Frank | Current
Hervé | Childhood
Hervé is an administrator and webmaster. He grew up Aubervilliers, a northern banlieue. His parents are also from Aubervilliers and still live there. He moved to Paris proper for work and for his partner. He feels very comfortable in the banlieue and feels disdain for people who buy into stereotypes about his neighborhood and others like it. However, he admits that he was uncomfortable when his partner would come meet him after dark. He says this was a part of the decision to move. With some prodding from his partner he also admitted that he had been kidnapped, robbed, and left in a roadside forest, while visiting his friend in Saint-Denis. He says that although he tries to avoid the place where he was kidnapped, the event did not change his opinion of the banlieue. Hervé’s maps are both very nodal. His childhood map is pretty typical and very confined to the northeast. In his second map his nodes spread to different parts of the north in both Paris proper and the banlieue.
Hervé | Current
Isabelle | Childhood
Isabelle is a health professional. She grew up in the northern banlieue, Sarcelles, where her mother still lives. She now lives in the eastern banlieue, Noisy-le-Sec. Sarcelles, where she grew up, has a complicated reputation when it was first built as a new town. The term “sarcellite” was slang for an out of work drunk in the 50s and 60s. Isabelle said that as a child she felt very comfortable that but in retrospect she feels that things that were normal to her then are worrying to her now. She did not elaborate but admitted that she dislikes that her mother still lives in the cité in Sarcelles where she grew up. She also said that she doesn’t explore her banlieue but comes straight home from work. She does know her neighbors very well. In fact, when I went to interview her, she was throwing a block party. For her, the banlieue is for living and Paris proper is for leisure. Isabelle’s maps are also nodal but note that on the first map her hometown of Sarcelles is farther north than the map extends. As an adult she works in Paris and lives in the banlieue and her maps shows the nodes of those obligations and affinities.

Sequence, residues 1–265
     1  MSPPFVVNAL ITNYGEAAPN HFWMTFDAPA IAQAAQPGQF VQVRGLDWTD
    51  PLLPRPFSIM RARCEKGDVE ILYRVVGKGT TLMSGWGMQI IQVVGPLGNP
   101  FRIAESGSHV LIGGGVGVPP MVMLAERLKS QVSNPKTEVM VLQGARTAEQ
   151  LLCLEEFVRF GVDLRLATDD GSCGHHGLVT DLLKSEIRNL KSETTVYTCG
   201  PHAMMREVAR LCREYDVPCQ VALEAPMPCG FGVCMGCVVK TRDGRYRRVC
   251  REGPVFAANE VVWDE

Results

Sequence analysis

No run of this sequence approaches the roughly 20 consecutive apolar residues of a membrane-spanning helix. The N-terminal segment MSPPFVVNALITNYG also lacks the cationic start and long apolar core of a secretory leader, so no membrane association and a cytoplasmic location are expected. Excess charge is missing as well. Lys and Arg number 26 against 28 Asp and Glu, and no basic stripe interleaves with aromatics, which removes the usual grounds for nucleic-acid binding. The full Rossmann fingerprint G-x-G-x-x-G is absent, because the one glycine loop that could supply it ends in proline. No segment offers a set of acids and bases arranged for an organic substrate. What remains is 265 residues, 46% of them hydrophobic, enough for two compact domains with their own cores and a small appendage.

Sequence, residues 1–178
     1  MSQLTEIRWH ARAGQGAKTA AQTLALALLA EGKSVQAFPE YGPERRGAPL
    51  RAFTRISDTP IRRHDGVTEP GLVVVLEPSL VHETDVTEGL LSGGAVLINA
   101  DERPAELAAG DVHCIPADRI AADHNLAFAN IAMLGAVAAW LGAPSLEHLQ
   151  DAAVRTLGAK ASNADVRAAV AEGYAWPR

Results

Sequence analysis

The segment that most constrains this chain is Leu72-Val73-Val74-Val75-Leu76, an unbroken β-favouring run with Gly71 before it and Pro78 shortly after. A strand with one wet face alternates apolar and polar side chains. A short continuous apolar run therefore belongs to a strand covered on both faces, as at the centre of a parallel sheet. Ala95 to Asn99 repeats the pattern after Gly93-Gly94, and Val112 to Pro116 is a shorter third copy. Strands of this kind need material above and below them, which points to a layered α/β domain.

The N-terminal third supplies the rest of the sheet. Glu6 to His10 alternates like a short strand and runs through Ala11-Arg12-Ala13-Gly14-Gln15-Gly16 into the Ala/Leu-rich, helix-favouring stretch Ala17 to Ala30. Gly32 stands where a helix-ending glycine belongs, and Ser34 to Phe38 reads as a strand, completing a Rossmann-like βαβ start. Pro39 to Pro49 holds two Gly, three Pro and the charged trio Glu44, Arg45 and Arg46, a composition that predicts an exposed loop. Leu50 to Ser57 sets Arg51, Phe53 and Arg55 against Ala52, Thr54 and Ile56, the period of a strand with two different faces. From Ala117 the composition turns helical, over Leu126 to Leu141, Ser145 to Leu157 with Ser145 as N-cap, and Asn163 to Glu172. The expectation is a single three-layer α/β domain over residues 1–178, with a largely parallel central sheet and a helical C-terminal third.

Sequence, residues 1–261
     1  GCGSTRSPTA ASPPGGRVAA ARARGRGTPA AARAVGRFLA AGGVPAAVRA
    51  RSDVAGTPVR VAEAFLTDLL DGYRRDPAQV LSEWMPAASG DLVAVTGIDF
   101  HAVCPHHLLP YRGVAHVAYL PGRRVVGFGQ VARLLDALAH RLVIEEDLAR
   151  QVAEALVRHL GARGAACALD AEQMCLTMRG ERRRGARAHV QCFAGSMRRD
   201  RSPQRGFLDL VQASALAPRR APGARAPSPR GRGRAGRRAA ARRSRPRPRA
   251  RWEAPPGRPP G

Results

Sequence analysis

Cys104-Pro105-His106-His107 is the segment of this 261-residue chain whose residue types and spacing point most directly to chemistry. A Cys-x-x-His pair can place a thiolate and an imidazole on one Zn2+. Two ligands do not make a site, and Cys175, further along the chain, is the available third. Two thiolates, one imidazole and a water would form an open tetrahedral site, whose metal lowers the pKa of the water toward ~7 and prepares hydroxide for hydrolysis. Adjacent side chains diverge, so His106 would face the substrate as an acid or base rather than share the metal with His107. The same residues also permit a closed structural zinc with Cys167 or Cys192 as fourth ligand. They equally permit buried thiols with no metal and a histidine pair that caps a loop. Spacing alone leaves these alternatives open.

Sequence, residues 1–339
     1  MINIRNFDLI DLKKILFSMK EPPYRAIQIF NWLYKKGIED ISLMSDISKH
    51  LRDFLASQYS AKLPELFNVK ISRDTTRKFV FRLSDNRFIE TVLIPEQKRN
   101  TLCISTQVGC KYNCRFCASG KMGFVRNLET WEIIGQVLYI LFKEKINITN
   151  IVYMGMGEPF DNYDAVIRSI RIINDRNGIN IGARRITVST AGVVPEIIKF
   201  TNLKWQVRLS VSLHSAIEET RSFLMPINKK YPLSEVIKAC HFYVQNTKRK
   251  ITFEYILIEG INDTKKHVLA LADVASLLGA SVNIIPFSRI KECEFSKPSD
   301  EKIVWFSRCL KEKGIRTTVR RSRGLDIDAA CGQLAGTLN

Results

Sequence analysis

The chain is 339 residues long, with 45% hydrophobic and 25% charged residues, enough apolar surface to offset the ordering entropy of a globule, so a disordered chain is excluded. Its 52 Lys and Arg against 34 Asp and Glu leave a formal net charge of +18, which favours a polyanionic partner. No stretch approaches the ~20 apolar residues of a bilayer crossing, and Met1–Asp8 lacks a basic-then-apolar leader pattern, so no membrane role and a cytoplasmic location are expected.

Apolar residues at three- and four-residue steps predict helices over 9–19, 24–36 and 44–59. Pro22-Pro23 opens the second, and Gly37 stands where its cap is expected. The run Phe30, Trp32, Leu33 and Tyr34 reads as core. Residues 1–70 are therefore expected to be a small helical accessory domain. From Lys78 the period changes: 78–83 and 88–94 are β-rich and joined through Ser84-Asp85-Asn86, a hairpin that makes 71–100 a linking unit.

Isabelle | Current
Jacob | Current
Jacob is city planner and tour guide. When he first moved to Paris from the United States, he lived in the 14th arrondissement but moved to the 17th with his husband. He has worked in urban development and taught courses in architecture. Because his husband’s family is from a very traditionally catholic bourgeois background he has learned to be comfortable in very homogenous upper class environments. He is very optimistic about the possible diversification of his neighborhood because of ambitious development plans being made in the more diverse adjacent banlieue, Clichy. As a tour guide he is often in the center city but feels the more affinity for where he lives in the Northwest of the city. Jacob drew one map and it shows that he has very broad trajectories in the west of the city as well as a comfort with the northwest.
Yassine | Current